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Tantura: Film on Nakba massacre of Palestinian village premieres at Bafta

While the documentary has been widely praised for exposing the killings at Tantura in 1948, some critics say it places too much emphasis on the Israeli perspective
The London screening of 'Tantura' was held at the Bafta building on the 75th anniversary of the killings (ICJP)
By Nadda Osman in London

London’s prestigious British Academy of Film and Television Arts (Bafta) was the venue for a screening of the documentary Tantura on Monday evening; a film that investigates the massacre at the eponymous Palestinian village during the Nakba.

Featuring recorded testimony and interviews with several Israeli veterans present during the killings, the screening, organised by the International Centre of Justice for Palestinians (ICJP), coincided with the 75th anniversary of the massacre, which took place between 22 and 23 May 1948.

Estimates of how many were killed during the massacre exceed 200 people, with one Israeli soldier saying of the death toll: "I didn't count. I can't really know. I had a machine gun with 250 bullets."

Lawyer and ICJP director, Tayab Ali said that the Tantura episode encapsulates the Palestinian experience during the Nakba and ever since.

“The story of Tantura exemplifies the vast experience of displacement and loss endured by Palestinians during the Nakba, but in this film it is told by those that perpetrated it," he said, continuing:

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"By revisiting Tantura through this film, we are not presenting a position of debate, but presenting the undisputable facts of what the Israelis did to the Palestinians not only in Tantura and other villages in 1948 [but what they] continue to do.

"To this present day, the international community suffers from a blind eye to Israel’s crimes and worse is complicit in them."

The Katz recordings

Director Alon Schwarz centres his work around research carried out by Israeli academic Teddy Katz, who wrote his thesis on the subject at Haifa University. 

Katz was widely shunned in Israel for revealing his findings and was pressured into retracting them.

A large part of the film talks about the impact on Katz, including the legal cases against him and his dismissal from his university.

The researcher had collected more than a hundred hours of recorded testimony from 135 Palestinian survivors and Israeli soldiers who were there.

Hundreds of people attended the screening held at Bafta in London (ICJP)

The film depicts how members of the Israeli army’s Alexandroni Brigade attacked the village leading to deaths among the civilian Palestinian population and forcing others to flee.

Palestinians have long said such tactics were used to force them from their historic lands to make way for the establishment of Israel.

Schwarz's work gives insight into the mentality of the Israeli army units, and contains admissions by the Israelis that they killed Palestinians.

“We killed them. Of course we killed them. No qualms at all,” one member of the brigade says. 

Other soldiers speak about how they rounded up women and children and men in separate areas, sending the men to prison camps and killing others. 

Many of the speakers admit that they killed, but say they try not to remember it and do not speak to others about it. 

Today, the village of Tantura, which is south of the city of Haifa, has become an Israeli recreational area, where people go to swim and sightsee.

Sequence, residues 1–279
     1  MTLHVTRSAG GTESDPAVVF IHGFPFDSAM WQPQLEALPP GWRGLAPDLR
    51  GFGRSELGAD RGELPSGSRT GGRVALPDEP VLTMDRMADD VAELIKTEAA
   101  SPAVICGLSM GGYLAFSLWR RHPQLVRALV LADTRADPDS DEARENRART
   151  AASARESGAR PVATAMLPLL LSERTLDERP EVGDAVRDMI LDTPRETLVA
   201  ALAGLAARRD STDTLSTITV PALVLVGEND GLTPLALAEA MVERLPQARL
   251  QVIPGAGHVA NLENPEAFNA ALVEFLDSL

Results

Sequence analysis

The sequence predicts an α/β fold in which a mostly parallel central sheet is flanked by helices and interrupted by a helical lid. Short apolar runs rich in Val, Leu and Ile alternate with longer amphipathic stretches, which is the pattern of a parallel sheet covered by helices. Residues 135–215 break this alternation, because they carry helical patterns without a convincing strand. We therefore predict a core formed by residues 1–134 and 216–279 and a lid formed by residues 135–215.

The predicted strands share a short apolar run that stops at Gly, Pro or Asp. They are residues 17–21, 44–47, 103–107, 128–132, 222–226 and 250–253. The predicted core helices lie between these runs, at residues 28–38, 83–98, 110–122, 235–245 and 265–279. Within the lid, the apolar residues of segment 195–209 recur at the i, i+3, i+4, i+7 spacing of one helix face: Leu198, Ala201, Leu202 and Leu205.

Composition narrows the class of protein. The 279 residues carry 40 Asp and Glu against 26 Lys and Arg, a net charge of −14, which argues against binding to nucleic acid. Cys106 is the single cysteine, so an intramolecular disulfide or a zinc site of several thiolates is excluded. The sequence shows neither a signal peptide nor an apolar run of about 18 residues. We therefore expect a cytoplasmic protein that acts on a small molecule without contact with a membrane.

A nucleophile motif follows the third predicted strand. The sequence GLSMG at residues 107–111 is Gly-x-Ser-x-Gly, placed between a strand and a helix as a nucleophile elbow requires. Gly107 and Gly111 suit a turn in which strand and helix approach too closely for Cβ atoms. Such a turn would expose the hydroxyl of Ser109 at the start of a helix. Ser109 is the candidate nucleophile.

In the film, speakers say that a Palestinian mass grave, where the massacre took place, has now been turned into the Dor Beach parking lot

The movie was screened to an audience in London made up of lawyers, academics, journalists and diaspora Palestinians, among others.

It was followed by a panel discussion featuring Yasmine Ahmed, the UK director of Human Rights Watch, Israeli-British historian Professor Avi Shlaim, Palestinian academic Professor Nur Masalha and Palestinian filmmaker, Hala Gabriel.

Shlaim welcomed the filmmaker's exposing of the killings but cautioned that the documentary "is a very Israeli film".

According to Shlaim: "The reason why the film arouses so many strong passions is that it goes to the core of Israel's perception of itself and Israel's perception of itself is of a very liberal decent peace-loving country."

He added that the war that led to the establishment of Israel had long been seen within the state as a war of defence against "predatory Arabs".

"There is great reluctance to look at the dark side of this war, particularly the ethnic cleansing that happened in 1948," he added.

Responding to a question about the role Zionist ideology played in the ethnic cleansing of Palestinians in 1948, Shlaim said the movement was an "exclusivist" and "racist" ideology.

He added: "Israel likes to define itself as both Jewish and democratic but as one Arab MP has said, 'Israel is a democracy for the Jews'...Israel cannot be both a racist Jewish state and a democratic state."

Filmmaker Gabriel is originally from the village of Tantura and her father was a witness to the killings.

Like Shlaim, she welcomed the spotlight placed on the events in Tantura in 1948 but called for works by Palestinians to be given equal attention.

For the ICJP, the hope is that the film sparks debate on other Israeli violations since the Nakba.

Panellists at the event included Avi Shlaim (left), Hala Gabriel (centre) and Nur Masalha (ICJP)

"The next time you are told that Israeli soldiers and settlers do not kill Palestinians with impunity - remember Tantura," ICJP director Ali said, adding:

"The next time you are told that Israel is not carrying out acts of apartheid - remember Tantura.

"The next time someone tries to excuse Israeli occupation or aggression by asserting Israel is a democracy - remember Tantura”

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